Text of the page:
USDA has designated Dorchester County in South Carolina as a primary natural disaster area due to damages and losses caused by a tornado that occurred on June 4, 2013.
Farmers and ranchers in the following counties in South Carolina also qualify for natural disaster assistance because their counties are contiguous. Those counties are: Berkeley, Charleston, Colleton & Orangeburg
All counties were designated natural disaster areas making all qualified farm operators in the designated areas eligible for low interest emergency (EM) loans from USDA's Farm Service Agency (FSA), provided eligibility requirements are met. Farmers in eligible counties have eight months from the date of the declaration to apply for loans to help cover part of their actual losses.
Secretary Vilsack also reminds producers that Congress has not funded the five disaster assistance programs authorized by the 2008 Farm Bill.
NC Mountain State Fair Sees Record Attendance
Good weather and a good cause drew a record number of fairgoers to the N.C. Mountain State Fair Wednesday for Ingles Day. The fair had 13,924 people come through the gates donating about 16,000 pounds of food to MANNA Food Bank. The 20th edition of the N.C. Mountain State Fair offers mountain fun for everyone. Visitors can enjoy a full weekend of livestock shows, see newborn calves in the Mooternity Ward, listen to a variety of local and regional musical acts, and even come face-to-face with sea lions and alligators.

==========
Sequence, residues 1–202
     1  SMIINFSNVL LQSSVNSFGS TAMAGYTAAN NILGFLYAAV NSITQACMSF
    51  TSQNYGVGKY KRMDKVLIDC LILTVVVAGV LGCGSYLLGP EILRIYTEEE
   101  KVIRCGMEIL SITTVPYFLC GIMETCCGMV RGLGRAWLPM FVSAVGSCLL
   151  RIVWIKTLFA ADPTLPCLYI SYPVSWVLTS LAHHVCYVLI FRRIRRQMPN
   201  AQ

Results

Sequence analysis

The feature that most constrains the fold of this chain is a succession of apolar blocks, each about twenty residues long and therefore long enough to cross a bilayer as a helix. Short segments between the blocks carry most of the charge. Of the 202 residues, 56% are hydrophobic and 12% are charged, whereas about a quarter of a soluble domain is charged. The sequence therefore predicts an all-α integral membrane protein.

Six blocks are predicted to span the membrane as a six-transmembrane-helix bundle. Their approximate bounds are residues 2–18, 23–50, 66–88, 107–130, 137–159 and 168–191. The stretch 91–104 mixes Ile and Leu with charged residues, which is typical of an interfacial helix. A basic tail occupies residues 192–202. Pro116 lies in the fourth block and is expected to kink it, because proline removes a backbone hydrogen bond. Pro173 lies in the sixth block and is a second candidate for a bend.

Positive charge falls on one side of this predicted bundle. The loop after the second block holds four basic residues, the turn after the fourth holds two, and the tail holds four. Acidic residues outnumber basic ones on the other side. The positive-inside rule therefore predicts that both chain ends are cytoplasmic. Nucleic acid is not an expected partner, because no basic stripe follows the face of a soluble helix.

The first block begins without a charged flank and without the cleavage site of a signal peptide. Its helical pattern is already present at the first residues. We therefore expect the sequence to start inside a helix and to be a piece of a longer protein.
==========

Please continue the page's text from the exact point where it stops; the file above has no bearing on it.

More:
Other Half of Farm Bill Could See Action in House Next Week
Agriculture Secretary Tom Vilsack expects the House of Representatives to take up the nutrition bill next week. As you remember, the House split nutrition assistance from the farm bill before passing the farm bill.
Biomass Electrical Plant Generating Electricity
A power plant in Halifax County that burns waste wood for fuel has generated its first electricity.
Northern Virginia Electric Cooperative and NOVI Energy say the electricity generation occurred during testing earlier this week. The NOVEC Energy Production plant near South Boston also connected to the PJM regional electric transmission grid.
Wild Horses to be Further Restricted
The Currituck National Wildlife Refuge says it plans to string more than 15,000 feet of barbed wire fence to keep wild horses from grazing where wildlife feed.
The Virginian-Pilot of Norfolk reports that federal officials have requested bids to extend fencing in the 4,500-acre refuge from the dunes to the marsh. The move would effectively block the herd's access to a large section of the refuge. Bids are due this week. More than 100 acres already are enclosed by an electric fence. The barbed wire fence would extend the barrier from ocean to sound.